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Monday, August 20, 2007

Investors Yield To Profit Potential Of Ukraine - From The Wall Street Journal

Highly recommended article!

By Sara Seddon Kilbinger, The Wall Street Journal

Ukraine has caught the eye of real-estate investors chasing higher returns. Roughly $293.75 million in commercial real-estate deals were transacted in the country in the first half of 2007.

Almost all -- $231.25 million -- were office sales, with retail accounting for the rest. This compares with $497.2 million in deals for all of last year and $22 million in 2005, according to real-estate advisory firm Jones Lang LaSalle. More than 90% of this year's deals were in the capital, Kiev.

One of the most active buyers is London & Regional Properties. The London-based real-estate investor and developer has acquired three properties in Kiev -- an office, a shopping center and a warehouse - since entering the market in March. It also intends to develop real estate there.

"Central Europe has got very expensive, which is why we started looking at Russia last year. Our presence in Ukraine is an extension of that strategy," says Max Fowles-Pazdro, head of Central and Eastern European acquisitions at London & Regional, based in London. "We've invested $2 billion in Russia in the past 18 months and would like to do the same in Ukraine."

London-based real-estate asset manager Invesco Real Estate is also looking to invest in Kiev, says Paul Kennedy, head of European real-estate research at Invesco.

The firm would like to buy two or three Kiev properties in the next 18 months for its Central European Fund II. Invesco will also consider buying developments before they are completed as well as joint ventures with local partners, says Dr. Kennedy.

The yields are tempting. Good-quality office and retail properties can generate as much as 10%, says Jones Lang LaSalle, compared with less than 5% in many Western European markets. (The yield is the annual percentage return, expressed as the ratio of annual net income to the capital value of a property.)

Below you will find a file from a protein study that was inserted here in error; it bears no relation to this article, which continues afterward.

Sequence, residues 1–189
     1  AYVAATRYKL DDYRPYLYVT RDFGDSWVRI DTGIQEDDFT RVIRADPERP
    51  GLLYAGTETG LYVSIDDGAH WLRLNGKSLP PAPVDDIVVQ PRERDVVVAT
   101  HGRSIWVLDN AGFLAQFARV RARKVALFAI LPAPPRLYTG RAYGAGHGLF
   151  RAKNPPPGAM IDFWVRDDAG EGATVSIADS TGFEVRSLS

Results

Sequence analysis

But the high yields in Ukraine reflect the higher risk, due to political instability and continuing problems with corruption. Last year, former Prime Minister Pavlo Lazarenko was sentenced to nine years in prison by a U.S. court for extortion, fraud and money laundering through U.S. banks.

According to Mykola Orlov, a partner in Kiev-based law firm Sayenko Kharenko, foreign investors are often better off working with a local consultant than joining forces with a local partner. A local partner can take advantage of a foreign investor in a number of ways, he says, including by siphoning off funds.

Another obstacle for investors is the market's opacity, with many deals completed off market for undisclosed sums, says Nick Cotton, managing director of real-estate advisory firm DTZ Holdings PLC in Kiev.

Such challenges aren't deterring many would-be investors. Asset-management firm Catalyst Capital LLP intends to enter the Ukraine market this year in conjunction with a local partner whose interests range from brick making to insurance, says Kean Hird, managing partner of Catalyst Capital's emerging-markets arm in London.

The firm's push into Ukraine is "a natural extension" of its activities in Central Europe, he says. Catalyst Capital will focus initially on Lviv - because it is near the Polish border -- before moving onto Kiev, he says. "It's a very good time to go into the market as it is still very undersupplied," says Mr. Herd.

"While we don't have a target in terms of how much we plan to invest there, we will initially develop industrial stock, such as sheds near the airport or major roads. We are also interested in developing supermarkets, ideally with international anchors. While consumer spending is still quite low, it is increasing all the time."

Private consumption -- the main driver of economic growth -- rose 18% last year, up from 12% in 2005, according to DTZ. As a result, international retailers are starting to consider Ukraine. German retail giant Metro AG opened five cash & carry stores last year, according to spokesman Martin Brüning.

"What we see is a growing middle class with more disposable income, which is the driving force behind our expansion into Central and Eastern Europe," he says.

Metro has opened 13 stores in Ukraine since it entered the market in 2003 and intends to open more this year, he says. Turnover in its Ukraine stores reached Euro615 million ($837 million) last year, almost twice the Euro338 million of 2005. The company is also considering launching its Real supermarket chain in Ukraine next year, he adds.

Retail space is still thin on the ground, making the market ripe for development: Kiev has just 290,000 square meters, similar to Warsaw in 1999. There are a number of plans in the pipeline, according to DTZ, including a 130,000-square-meter store that will mark Ikea AB's foray into Ukraine.

The hotel sector, while fledgling, is also growing. Hilton Hotels Corp. will arrive in Kiev in 2009 and is exploring opportunities in several other cities according to Nicola McShane, Hilton's European communications director.